4. The structure according to claim 1, wherein the width of the land is at least 0.4 mm and no more than 0.6 mm.
5. The structure according to claim 1, wherein the cross-sectional area of the tip end portion is at least 0.09 mm.sup.2 and no more than 0.25 mm.sup.2, and wherein the cross-sectional area of the receiving hole is at least 0.28 mm.sup.2 and no more than 0.79 mm.sup.2.
6. The structure according to claim 5, wherein the cross-sectional area of the receiving hole is at least 0.44 mm.sup.2 and no more than 0.71 mm.sup.2.
7. The structure according to claim 1, wherein the cross-sectional area of the tip end portion is less than the cross-sectional area of the remainder portion.
8. The structure according to claim 7, wherein the tip end portion has a first surface, which is a side surface, and the remainder portion has a second surface, which is also a side surface, and wherein the first surface and the second surface are flush with each other.
9. The structure according to claim 1, further comprising one or more terminals, one or more receiving holes, and one or more lands, wherein each land is provided in a section of the board about one of the receiving holes, and wherein each terminal is connected to one of the land with at least a part of the tip end portion being located in the corresponding receiving hole.
10. The structure according to claim 9, wherein the ratio of the width of each land to the clearance between each adjacent pair of the lands is at least 1 and no more than 1.5.
11. The structure according to claim 10, wherein the width of each land is at least 0.4 mm and no more than 0.6 mm.
12. The structure according to claim 9, wherein each receiving hole has a center, and wherein the ratio of the width of each land to the distance between the centers of each adjacent pair of the receiving holes is at least 0.18 and no more than 0.27.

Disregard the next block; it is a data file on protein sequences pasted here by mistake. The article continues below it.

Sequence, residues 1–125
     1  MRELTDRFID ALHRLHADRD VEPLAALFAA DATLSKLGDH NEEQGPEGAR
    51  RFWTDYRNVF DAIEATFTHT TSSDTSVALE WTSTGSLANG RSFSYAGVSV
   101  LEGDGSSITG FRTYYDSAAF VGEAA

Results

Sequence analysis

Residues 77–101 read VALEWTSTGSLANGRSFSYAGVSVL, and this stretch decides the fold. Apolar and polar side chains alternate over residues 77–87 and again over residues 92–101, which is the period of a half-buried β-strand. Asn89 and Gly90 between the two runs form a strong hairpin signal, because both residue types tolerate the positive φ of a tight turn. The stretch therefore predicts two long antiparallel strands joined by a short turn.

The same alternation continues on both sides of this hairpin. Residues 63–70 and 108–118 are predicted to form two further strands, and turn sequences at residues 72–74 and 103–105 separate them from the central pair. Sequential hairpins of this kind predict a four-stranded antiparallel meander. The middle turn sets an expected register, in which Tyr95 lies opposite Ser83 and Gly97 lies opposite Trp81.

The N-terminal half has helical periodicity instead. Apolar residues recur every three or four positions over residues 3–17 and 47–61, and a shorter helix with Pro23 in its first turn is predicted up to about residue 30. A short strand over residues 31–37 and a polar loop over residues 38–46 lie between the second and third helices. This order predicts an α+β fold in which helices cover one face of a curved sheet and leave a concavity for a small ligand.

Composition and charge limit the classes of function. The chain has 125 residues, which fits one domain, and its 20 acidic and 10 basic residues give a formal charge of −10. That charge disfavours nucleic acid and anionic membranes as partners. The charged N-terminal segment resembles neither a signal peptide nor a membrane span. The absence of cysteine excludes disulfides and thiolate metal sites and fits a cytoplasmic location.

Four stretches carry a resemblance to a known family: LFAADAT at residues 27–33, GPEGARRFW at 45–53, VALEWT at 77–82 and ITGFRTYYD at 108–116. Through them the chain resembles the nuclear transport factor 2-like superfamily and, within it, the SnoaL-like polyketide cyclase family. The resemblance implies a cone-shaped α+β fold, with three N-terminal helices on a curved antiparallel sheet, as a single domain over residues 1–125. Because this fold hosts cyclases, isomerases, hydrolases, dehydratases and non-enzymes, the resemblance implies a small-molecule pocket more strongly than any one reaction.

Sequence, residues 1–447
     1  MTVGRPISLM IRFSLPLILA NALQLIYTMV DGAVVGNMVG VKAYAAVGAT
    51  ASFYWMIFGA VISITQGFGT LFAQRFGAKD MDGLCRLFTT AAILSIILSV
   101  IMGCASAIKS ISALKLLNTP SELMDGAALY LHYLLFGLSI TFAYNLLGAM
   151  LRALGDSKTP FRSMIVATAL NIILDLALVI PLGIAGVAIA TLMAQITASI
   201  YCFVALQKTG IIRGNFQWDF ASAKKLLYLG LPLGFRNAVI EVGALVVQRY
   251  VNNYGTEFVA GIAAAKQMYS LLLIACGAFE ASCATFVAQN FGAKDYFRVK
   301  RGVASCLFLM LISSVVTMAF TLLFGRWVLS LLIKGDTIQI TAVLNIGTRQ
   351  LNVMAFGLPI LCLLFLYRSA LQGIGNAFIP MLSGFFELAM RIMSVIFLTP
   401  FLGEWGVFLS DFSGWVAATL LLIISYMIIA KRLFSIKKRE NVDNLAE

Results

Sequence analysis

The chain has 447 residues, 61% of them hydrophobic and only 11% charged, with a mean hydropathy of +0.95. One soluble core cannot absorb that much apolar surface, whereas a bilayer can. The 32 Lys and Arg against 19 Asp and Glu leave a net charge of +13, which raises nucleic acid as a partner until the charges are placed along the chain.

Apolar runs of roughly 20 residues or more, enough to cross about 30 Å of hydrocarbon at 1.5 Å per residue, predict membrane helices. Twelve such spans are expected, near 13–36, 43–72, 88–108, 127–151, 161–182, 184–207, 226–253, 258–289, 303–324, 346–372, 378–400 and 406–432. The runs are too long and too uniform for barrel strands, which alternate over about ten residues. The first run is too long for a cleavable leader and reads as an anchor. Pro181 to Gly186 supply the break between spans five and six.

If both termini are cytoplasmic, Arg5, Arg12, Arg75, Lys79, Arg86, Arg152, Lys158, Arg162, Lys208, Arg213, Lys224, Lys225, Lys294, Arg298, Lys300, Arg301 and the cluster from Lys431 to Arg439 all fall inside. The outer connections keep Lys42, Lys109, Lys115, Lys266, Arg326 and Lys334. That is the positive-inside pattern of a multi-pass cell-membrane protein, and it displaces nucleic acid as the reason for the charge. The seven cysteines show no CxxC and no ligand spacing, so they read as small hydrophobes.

13. The structure according to claim 12, wherein the width of each land is at least 0.4 mm and no more than 0.6 mm.
14. A structure for mounting a connector on a board, wherein the connector includes a plurality of terminals each having a tip end portion and a remainder portion, wherein the cross-sectional area of the tip end portion of each terminal is less than the cross-sectional area of the remainder portion, wherein the cross-section of the tip end portion of each terminal is a rectangle, the length of each side being at least 0.3 mm and no more than 0.5 mm, wherein the board has a plurality of receiving holes, the cross-section of each receiving hole being a circle, the diameter of the circle being at least 0.6 mm and no more than 1.0 mm, wherein a land is provided in a section of the board about each receiving hole, and wherein each terminal is connected to one of the lands with at least a part of the tip end portion being located in the corresponding receiving hole.